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Selling property containing asbestos: Real estate agent requirements

As a veteran in the hazardous materials industry spanning 20+ years, few areas still shock the author regarding lack of asbestos due diligence – but real estate transactions for properties containing asbestos certainly do. Time and again sellers and agents drastically fall short of legal obligations in ensuring buyers get fully informed regarding asbestos risks prior to purchase. Here’s what agents absolutely must cover when disclosing and advising around property asbestos.

Asbestos register access 

First and foremost, agents must provide access to property asbestos registers if they exist. All commercial properties plus residential complexes undergo legally required asbestos inspections and recording processes in Australia. Concealing or ‘forgetting’ these asbestos records prior to sales breaches disclosure requirements. Penalties apply for non-disclosure so checking registers is crucial.

Legislated asbestos records

Commercial properties legally require asbestos registers after formal inspection including:

  • Asbestos location details – Sites within buildings containing asbestos
  • Condition assessments – Damage or exposure ratings from competent assessors
  • Risk prioritizations – Priority removal guidance based on type, condition and access
  • Register availability – Tenants/buyers must receive copies on request

Residential standalone sales

While legislated commercial registers don’t cover standalone houses, agents should still:

  • Question sellers on renovations, materials potentially containing asbestos
  • Ensure buyers aware of no formal inspection records, asbestos likelihood
  • Recommend pre-purchase inspections for buyers

Why asbestos registers matter

Access to current, accurate asbestos information allows buyers to:

  • Adjust offers based on removal costs/risks
  • Negotiate asbestos removal in contract terms
  • Plan refurbishment works knowing asbestos locations

Informing potential buyers 

Where asbestos materials show in registers or are known to be present, agents must explicitly warn buyers well prior to any sale contracts. Relying on buyers to ask asbestos questions is insufficient. Verbally discuss register content, provide copy access and highlight materials locations within the property. Recommend buyers conduct their own thorough asbestos inspection using qualified assessors.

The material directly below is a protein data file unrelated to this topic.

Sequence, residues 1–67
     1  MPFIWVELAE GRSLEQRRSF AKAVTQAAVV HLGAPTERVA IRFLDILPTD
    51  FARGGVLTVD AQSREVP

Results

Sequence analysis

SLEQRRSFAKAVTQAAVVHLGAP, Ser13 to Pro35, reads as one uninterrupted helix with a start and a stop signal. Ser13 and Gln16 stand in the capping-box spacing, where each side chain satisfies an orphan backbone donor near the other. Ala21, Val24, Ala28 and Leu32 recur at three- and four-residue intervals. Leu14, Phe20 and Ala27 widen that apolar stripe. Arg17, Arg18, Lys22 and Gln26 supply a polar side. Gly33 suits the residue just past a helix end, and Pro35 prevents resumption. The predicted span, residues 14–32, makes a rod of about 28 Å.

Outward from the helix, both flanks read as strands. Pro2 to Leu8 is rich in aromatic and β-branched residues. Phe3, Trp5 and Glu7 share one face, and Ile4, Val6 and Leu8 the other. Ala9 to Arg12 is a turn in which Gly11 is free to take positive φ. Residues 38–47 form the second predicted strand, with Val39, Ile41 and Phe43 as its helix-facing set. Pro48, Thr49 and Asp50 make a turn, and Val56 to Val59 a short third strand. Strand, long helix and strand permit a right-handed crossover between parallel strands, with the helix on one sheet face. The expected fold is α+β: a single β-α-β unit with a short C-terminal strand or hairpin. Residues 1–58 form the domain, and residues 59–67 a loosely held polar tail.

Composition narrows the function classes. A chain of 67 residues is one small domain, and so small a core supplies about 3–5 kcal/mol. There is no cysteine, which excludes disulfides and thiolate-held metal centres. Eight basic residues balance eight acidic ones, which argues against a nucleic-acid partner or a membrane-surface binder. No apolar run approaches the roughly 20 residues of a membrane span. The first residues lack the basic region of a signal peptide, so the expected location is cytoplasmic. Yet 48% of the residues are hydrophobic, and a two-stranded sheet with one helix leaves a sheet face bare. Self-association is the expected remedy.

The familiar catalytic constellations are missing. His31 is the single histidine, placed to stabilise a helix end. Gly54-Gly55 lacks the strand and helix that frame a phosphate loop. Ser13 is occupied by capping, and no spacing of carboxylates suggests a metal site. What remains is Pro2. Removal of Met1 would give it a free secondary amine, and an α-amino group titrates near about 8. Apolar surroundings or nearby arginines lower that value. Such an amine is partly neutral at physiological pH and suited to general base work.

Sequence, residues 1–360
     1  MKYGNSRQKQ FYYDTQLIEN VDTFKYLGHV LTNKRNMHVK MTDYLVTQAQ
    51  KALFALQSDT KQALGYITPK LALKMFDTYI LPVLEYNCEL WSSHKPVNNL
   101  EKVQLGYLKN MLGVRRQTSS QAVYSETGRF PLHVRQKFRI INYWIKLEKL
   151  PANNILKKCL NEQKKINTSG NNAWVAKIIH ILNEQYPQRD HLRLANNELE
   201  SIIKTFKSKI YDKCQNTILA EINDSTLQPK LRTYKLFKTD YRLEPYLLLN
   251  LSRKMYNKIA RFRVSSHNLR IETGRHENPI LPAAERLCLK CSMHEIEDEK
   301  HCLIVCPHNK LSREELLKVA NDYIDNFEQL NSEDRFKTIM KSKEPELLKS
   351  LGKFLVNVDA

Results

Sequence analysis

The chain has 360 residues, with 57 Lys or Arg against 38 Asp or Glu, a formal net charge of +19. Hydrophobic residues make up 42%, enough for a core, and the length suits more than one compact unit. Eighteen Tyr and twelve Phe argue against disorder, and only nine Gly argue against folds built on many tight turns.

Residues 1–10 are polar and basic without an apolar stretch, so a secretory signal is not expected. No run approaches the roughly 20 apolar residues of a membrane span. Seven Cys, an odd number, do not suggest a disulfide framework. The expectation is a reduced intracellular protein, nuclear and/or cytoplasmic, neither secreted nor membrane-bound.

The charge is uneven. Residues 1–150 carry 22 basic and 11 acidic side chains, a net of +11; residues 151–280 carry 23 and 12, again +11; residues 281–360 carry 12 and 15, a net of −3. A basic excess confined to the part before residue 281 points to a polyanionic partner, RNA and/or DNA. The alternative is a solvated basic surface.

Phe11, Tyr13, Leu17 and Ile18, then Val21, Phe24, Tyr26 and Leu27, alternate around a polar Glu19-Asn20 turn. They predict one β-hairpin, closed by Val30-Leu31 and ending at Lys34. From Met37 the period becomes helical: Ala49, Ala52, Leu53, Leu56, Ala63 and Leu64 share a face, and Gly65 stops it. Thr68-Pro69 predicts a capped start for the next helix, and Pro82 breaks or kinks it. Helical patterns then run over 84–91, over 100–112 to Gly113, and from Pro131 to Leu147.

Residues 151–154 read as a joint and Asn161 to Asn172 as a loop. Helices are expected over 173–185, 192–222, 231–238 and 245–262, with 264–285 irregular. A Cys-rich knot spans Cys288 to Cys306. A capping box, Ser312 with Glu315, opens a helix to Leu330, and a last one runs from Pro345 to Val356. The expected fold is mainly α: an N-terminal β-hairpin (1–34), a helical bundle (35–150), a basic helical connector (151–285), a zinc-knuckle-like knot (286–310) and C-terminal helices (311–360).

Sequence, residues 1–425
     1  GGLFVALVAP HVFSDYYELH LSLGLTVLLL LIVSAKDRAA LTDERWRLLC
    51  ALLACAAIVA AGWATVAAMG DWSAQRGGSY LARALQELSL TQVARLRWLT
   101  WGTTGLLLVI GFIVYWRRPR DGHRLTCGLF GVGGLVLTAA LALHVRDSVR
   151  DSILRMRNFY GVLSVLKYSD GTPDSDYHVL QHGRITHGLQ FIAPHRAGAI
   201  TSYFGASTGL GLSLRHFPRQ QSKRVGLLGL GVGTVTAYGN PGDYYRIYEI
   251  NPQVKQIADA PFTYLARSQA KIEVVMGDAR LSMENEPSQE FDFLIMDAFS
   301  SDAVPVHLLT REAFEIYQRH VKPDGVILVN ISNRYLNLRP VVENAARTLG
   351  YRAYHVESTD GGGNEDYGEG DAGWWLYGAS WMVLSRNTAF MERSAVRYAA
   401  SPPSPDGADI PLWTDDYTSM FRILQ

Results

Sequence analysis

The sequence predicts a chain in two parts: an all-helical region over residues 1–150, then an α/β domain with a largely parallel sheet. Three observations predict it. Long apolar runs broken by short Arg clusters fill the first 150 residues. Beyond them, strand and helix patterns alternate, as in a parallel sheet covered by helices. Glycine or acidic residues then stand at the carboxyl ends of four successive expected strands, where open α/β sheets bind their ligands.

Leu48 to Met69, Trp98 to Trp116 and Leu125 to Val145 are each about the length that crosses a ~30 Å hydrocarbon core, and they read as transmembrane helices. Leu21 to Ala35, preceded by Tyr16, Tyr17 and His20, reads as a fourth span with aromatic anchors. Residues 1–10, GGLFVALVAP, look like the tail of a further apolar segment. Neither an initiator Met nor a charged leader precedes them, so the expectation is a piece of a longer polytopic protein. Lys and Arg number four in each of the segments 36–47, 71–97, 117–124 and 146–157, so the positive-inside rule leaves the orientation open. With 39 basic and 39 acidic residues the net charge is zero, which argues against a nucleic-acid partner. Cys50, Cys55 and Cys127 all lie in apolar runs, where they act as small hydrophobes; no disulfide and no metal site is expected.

Manage removal works 

If negotiated asbestos removal between the seller and buyer forms part of the sale terms, as the property manager the agent plays a coordinating role but not directly engaging asbestos removalists. Licenced removalists must be engaged by sellers under notification requirements. Buyer asbestos removal requests get directed via the agent back to the seller for execution by licenced professionals. No materials should be disturbed outside documented removal agreements.

Removalists, reinspections, clearances 

Upon completion of any removal works, agents should obtain clearance certificates from removalists verifying the property asbestos free. This signals works completion as agreed in contractual removal scopes. Licensed assessors can later reinspect and provide third-party asbestos clearance verification to buyers if required.

Asbestos safety challenges

Managing asbestos in situ poses significant challenges, as it involves not just identifying and securing asbestos-containing materials but also actively preventing unauthorised disturbances. Despite the presence of asbestos registers, refurbishments and maintenance often proceed without consulting these records, leading to accidental exposure. Ensuring safety requires more than passive record-keeping; it demands active engagement, such as prominently highlighting asbestos risks in health and safety procedures, auditing job risk assessments to check for asbestos, and using warning stickers and barriers around known asbestos materials. Additionally, regularly updating the asbestos register to reflect any changes or removals is crucial for maintaining its accuracy and effectiveness in protecting site occupants from asbestos exposure.

Conclusion 

When asbestos-containing properties change hands, stringent responsibilities apply for agents managing transactions. Disclosures, inspections, registrations and certifications become mandatory given penalties covering negligent asbestos sales. After 20+ years in hazardous materials, the author emphasises how tightly agents must manage asbestos interplay between sellers, buyers to ensure all parties avoid health risks and potential litigation.

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